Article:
Shouldn't These Guys Be in Jail?
Now, many of you know that I have a "thing" about trenching deaths because everyone who runs a business that involves digging trenches should know that workers shouldn't be working in any unshored/unsloped trench over 5 feet deep. What's particularly criminal about the case described in the article below, however, is that this firm was supposedly an "expert" in underground construction. So they don't even get the benefit of playing dumb; they don't get to say they "should" have known about trenching safety. They DID know.
And then the workers were forced to sign a statement (written in a language they didn't understand) saying they had been trained. Now, what good does training do when you're down in an unprotected 10 foot deep trench?
I once taught a workshop for municipal public works employees who regularly went down into deep trenches without any shoring and they were trained -- to dig out their co-workers as fast as possible when the trench caved in on them. (But that was perfectly legal because they were public employees in a small New England state whose biggest city hasn't won a World Series since they sold a certain baseball player.)
On second thought, maybe jail is too good for them.
OSHA Fine for Trenching Death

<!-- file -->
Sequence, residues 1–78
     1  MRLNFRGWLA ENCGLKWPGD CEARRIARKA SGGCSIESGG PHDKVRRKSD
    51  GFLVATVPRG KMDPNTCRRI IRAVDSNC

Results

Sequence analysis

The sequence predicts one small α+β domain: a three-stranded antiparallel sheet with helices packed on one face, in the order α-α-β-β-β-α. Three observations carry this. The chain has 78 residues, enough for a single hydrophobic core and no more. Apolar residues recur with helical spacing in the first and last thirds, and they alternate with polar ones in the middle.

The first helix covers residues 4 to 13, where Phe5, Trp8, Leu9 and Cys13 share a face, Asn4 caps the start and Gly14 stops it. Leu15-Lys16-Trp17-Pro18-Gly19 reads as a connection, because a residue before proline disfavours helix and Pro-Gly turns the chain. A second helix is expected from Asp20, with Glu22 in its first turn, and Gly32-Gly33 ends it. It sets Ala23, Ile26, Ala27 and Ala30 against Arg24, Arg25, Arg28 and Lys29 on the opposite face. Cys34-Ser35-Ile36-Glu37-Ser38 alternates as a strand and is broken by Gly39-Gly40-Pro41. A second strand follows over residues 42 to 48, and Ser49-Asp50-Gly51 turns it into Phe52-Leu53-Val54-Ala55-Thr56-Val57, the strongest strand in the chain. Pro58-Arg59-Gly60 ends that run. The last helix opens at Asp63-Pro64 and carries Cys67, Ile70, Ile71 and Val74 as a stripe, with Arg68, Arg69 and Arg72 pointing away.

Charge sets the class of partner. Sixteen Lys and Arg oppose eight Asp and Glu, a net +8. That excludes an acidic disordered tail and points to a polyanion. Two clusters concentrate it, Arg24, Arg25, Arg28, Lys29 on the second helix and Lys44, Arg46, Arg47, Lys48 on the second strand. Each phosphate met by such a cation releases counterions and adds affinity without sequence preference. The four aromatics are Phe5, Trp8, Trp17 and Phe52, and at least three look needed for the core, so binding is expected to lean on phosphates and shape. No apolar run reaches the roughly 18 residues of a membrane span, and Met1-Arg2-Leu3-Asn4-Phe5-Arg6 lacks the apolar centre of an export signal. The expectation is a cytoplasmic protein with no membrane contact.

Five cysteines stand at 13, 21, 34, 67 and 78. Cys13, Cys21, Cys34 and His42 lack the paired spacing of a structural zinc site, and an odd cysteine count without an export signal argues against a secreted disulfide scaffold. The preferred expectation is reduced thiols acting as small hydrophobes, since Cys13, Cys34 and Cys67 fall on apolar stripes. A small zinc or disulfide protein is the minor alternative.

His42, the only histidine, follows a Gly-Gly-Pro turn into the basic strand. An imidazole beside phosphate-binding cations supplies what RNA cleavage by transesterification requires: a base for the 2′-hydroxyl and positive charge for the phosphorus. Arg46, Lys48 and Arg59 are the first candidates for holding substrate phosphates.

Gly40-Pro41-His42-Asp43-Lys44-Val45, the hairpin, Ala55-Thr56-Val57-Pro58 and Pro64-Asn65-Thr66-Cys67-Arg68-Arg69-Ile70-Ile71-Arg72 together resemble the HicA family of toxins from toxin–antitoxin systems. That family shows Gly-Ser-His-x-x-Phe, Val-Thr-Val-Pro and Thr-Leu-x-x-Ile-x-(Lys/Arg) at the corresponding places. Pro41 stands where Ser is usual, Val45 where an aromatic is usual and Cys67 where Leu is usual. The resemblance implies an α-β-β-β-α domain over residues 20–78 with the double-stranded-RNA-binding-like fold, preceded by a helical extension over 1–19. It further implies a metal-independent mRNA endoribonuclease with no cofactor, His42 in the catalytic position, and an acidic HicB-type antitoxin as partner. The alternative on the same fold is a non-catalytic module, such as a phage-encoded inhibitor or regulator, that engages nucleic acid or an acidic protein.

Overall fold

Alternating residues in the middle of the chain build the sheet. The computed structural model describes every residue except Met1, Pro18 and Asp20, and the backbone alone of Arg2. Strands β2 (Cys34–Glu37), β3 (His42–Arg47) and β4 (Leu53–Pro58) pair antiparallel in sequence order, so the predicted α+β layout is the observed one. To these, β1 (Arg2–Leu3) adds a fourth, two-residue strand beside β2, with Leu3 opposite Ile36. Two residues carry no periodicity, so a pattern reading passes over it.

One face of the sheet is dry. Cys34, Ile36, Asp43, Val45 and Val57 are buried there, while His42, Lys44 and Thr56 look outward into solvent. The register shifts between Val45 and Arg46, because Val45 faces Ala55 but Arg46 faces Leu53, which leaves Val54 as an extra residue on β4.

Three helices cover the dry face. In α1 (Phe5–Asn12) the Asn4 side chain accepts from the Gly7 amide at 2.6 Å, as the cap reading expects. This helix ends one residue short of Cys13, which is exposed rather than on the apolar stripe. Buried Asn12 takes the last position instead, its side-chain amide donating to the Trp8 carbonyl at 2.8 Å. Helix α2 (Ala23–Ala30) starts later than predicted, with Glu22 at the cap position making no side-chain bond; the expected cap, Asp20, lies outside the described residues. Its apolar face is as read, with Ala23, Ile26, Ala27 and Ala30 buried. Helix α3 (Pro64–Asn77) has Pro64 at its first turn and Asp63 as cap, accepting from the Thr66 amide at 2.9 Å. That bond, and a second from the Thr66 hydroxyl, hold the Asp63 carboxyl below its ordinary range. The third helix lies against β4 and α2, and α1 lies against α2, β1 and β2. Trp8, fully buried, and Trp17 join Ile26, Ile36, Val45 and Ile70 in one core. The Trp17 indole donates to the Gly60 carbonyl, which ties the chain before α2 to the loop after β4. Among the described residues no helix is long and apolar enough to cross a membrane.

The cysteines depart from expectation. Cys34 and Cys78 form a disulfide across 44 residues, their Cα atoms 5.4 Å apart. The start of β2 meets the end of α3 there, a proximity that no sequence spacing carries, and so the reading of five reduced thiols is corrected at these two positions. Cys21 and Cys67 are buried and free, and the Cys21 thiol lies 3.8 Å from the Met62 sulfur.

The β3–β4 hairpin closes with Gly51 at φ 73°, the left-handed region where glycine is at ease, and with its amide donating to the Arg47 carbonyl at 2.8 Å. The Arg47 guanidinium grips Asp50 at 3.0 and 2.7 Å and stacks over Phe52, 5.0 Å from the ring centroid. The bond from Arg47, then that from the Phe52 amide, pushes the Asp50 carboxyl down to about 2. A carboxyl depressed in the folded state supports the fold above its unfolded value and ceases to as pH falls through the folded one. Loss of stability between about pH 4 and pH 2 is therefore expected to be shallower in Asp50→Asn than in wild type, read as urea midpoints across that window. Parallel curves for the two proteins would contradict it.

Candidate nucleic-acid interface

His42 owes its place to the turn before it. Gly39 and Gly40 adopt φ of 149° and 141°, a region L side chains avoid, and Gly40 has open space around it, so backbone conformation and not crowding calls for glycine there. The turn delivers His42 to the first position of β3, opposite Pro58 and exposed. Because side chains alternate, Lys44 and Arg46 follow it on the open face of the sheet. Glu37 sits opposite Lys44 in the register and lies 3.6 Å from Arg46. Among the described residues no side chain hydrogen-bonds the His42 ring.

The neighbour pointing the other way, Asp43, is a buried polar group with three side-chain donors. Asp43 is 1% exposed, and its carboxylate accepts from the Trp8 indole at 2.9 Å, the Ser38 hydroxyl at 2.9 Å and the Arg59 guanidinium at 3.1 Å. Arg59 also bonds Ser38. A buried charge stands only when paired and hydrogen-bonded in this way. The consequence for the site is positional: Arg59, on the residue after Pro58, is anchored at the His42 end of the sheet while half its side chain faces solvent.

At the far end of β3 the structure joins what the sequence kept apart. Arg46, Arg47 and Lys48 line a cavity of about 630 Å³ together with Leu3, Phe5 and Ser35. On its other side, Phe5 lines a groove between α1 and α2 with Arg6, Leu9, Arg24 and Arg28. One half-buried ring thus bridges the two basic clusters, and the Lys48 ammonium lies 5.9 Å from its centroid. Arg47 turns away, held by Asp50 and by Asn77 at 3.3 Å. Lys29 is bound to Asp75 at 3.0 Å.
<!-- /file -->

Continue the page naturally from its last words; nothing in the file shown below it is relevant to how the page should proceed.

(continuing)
SANTA YNEZ, Calif. - A Lompoc construction company building the 90,000-square-foot Chumash Casino faces up to $91,000 in fines for violations of federal safety standards that allegedly led to the trench collapse death of a worker.
The federal Occupational Safety and Health Administration said the violations were particularly egregious because R. Williams Construction represented itself as an expert in underground construction and was hired because of that alleged expertise.
Federal investigators said workers were allegedly asked by R. Williams officials to sign a statement that they had received training in trench work when they hadn't. Some workers said the statement identifying them as trench experts was in English though some could not speak, read or write English, including the Lompoc man injured in the accident, OSHA said.
Jose Aguiniga, 42, of Buellton was killed and his co-worker Adam Palamar suffered a shattered pelvis when the 70-long, 10-foot deep trench they were working in collapsed while they were digging a new sewer line Sept. 19, 2002.
"OSHA excavation and trenching standards clearly state what standards must be in place to protect workers in this type of construction," OSHA deputy regional administrator Christopher Lee said in a statement. "This employer knowingly placed workers at significant risk by failing to take the most basic precautions against trench collapse."